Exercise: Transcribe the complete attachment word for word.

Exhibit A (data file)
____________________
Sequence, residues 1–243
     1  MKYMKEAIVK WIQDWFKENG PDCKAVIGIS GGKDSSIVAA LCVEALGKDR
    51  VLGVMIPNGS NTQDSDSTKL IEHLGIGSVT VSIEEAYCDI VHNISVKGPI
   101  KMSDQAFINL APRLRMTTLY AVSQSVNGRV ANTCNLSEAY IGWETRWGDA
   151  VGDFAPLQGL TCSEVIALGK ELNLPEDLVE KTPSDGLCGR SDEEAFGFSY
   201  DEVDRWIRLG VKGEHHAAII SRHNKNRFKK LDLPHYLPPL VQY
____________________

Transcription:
Sequence, residues 1–243
     1  MKYMKEAIVK WIQDWFKENG PDCKAVIGIS GGKDSSIVAA LCVEALGKDR
    51  VLGVMIPNGS NTQDSDSTKL IEHLGIGSVT VSIEEAYCDI VHNISVKGPI
   101  KMSDQAFINL APRLRMTTLY AVSQSVNGRV ANTCNLSEAY IGWETRWGDA
   151  VGDFAPLQGL TCSEVIALGK ELNLPEDLVE KTPSDGLCGR SDEEAFGFSY
   201  DEVDRWIRLG VKGEHHAAII SRHNKNRFKK LDLPHYLPPL VQY